My words today are meant to be an encouragement for us to accept all the gifts that Christ wishes to bestow upon his disciples. Just as with the man in today’s gospel, that Jesus desired to bestow the gift of concern and heart for the poor.
We have to see being married in the Church as a gift from, and united to, Jesus Christ. Once again, we have to know the truth, of being married in the Church, as a gift for and united to the heart of Christ.
First, for those of us thinking about getting married in the future, or know a Catholic who will be getting married in the future. A valid marriage, except in extreme circumstances, is only possible for a Catholic when it takes place in a Catholic church building. We don’t do destination weddings. Our destination is found right here. In this place. We don’t have to go elsewhere. We have to see union with God as more than him as Being, that provides a nice backdrop to my wedding.
Being married in a Catholic church is a public declaration of the truth of marriage being a sacrament united to Christ’s church. This action points to something the married couple and their children will become a part. Being present at Mass every Sunday, and living a life of faith united to Christ and His Church.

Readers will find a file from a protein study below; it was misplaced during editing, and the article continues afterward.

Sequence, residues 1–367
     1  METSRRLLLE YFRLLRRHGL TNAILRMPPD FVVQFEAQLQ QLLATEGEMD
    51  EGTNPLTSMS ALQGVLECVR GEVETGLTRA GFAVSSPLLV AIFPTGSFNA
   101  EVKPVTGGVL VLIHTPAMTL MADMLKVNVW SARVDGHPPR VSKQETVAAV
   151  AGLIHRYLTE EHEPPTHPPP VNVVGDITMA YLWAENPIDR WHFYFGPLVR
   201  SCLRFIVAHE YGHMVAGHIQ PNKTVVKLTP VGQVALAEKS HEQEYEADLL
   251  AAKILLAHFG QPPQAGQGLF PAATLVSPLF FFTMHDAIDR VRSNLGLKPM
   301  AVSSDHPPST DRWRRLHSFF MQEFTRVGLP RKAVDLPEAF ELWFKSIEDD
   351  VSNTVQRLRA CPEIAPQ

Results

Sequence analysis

Jesus called the man in today’s gospel to enter more deeply into the heart of Christ, through a concern for the poor, and consequently into a deeper union with God. Marriage also calls man and wife into greater union to the heart of Christ through the life of His church.
Last week’s gospel, Jesus’ response to the Pharisees testing and questioning Jesus about divorce. In their question, they go back to Moses. But Jesus focuses first on marriage, and takes the discussion back to the book of Genesis, back to the love of the creators’ intention.
Jesus showed marriage as a gift fully united to the creator, to God. But, through sin, this gift became partially united. Jesus came to restore that unity again, fully. And so, in marriage, the man and wife have to unite themselves fully to the heart of Christ, not partially, as the man in today’s gospel desired to do, to restore that full union.